- Two decades of economic stagnation has left Zimbabwe with few resources to face an outbreak that’s gaining momentum despite a lockdown and a dusk-to-dawn curfew.
- Nurses are on strike after colleagues died because of a lack of PPE, medical facilities have run out of oxygen and undertakers can’t keep up.
- Killer Zivhu, a former ruling party lawmaker, said on Twitter earlier this month that people must buy their own ventilators
Zimbabwe shows what happens when the coronavirus collides with one of the world’s most run-down health systems.
Nurses at a major public hospital in the capital are on strike after colleagues died because of a lack of personal protective equipment, medical facilities have run out of oxygen and undertakers can’t keep up.
Zimbabweans are all too aware that if they do get sick, the health-care system won’t be able to help them. That includes government spokesman Nick Mangwana, who warned citizens not to catch the virus because hospitals are overwhelmed, and a well-known politician who caused an uproar when he told people to buy their own ventilators.
Amid the huge numbers of infections and deaths in the U.S. and Europe, Africa’s pandemic has been an afterthought. But for countries with sizable outbreaks and tattered health systems, the pain and death from Covid-19 is fearsome.
Two decades of economic stagnation has left Zimbabwe with few resources to face an outbreak that’s gaining momentum despite a lockdown and a dusk-to-dawn curfew. The official figures are at odds with accounts provided by nurses and patients. While just over 30,000 cases and more than 900 deaths have been confirmed so far, there’s been little testing and fatalities have surged to repeated daily records this month.
“Zimbabwe is the worst prepared country in southern Africa,” Robert Besseling, chief executive officer of Pangea-Risk, a Mauritius-based political risk consultancy, said in an emailed response to questions.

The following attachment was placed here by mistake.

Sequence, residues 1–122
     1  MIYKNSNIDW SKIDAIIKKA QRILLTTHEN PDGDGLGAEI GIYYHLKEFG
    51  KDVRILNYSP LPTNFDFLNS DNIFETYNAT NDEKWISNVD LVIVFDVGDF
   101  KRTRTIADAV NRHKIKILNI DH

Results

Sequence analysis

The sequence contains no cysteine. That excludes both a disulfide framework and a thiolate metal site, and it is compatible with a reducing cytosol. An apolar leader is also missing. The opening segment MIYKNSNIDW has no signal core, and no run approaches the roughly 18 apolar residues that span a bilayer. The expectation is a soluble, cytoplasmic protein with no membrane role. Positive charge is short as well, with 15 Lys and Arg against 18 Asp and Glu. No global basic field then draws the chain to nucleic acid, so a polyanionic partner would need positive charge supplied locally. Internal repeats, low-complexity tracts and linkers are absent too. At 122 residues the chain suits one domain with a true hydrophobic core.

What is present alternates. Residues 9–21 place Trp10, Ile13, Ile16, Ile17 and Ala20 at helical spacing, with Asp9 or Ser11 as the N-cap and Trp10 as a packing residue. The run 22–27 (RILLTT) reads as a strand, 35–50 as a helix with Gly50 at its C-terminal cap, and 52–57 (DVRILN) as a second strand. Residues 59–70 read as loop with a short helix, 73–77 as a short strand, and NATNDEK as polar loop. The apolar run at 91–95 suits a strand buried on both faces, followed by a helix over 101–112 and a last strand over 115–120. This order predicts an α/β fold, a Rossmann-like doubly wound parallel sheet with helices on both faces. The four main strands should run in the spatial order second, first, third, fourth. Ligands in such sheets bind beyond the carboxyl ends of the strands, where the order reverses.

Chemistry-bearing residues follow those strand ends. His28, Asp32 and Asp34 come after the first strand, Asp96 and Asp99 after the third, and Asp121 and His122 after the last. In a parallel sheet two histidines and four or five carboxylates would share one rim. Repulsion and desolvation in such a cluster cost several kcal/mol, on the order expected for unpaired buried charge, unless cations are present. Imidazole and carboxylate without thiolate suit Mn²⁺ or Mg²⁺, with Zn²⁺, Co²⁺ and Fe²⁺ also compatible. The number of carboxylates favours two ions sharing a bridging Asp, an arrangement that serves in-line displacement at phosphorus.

“Hospitals are struggling to cope, while there is insufficient foreign exchange to bid competitively with other states for medicine and oxygen supply.”
Nurses at Sally Mugabe Hospital, named after former President Robert Mugabe’s first wife, in the capital Harare say they get only one face mask per 12-hour shift and have to wear protective aprons normally used in bakeries.
Since the January 7 death of senior nurse Miriam Pundu, they’ve refused to return to work until they are given adequate personal protective equipment.
“Like every health system around the world Covid has put a lot of strain,” said Mthuli Ncube, Zimbabwe’s finance minister, in a January 20 interview.
“We continue to acquire more PPE, we never say we have sufficient, we are doing OK. Prevention is the best medicine.”
Out of Reach
Private hospitals are better equipped, but out of reach for the vast majority of Zimbabweans. The cost of admission varies between $2,500 and $5,000, according to Norman Matara, the secretary general of the Zimbabwe Association of Doctors for Human Rights. A teacher earns the equivalent of $222 a month.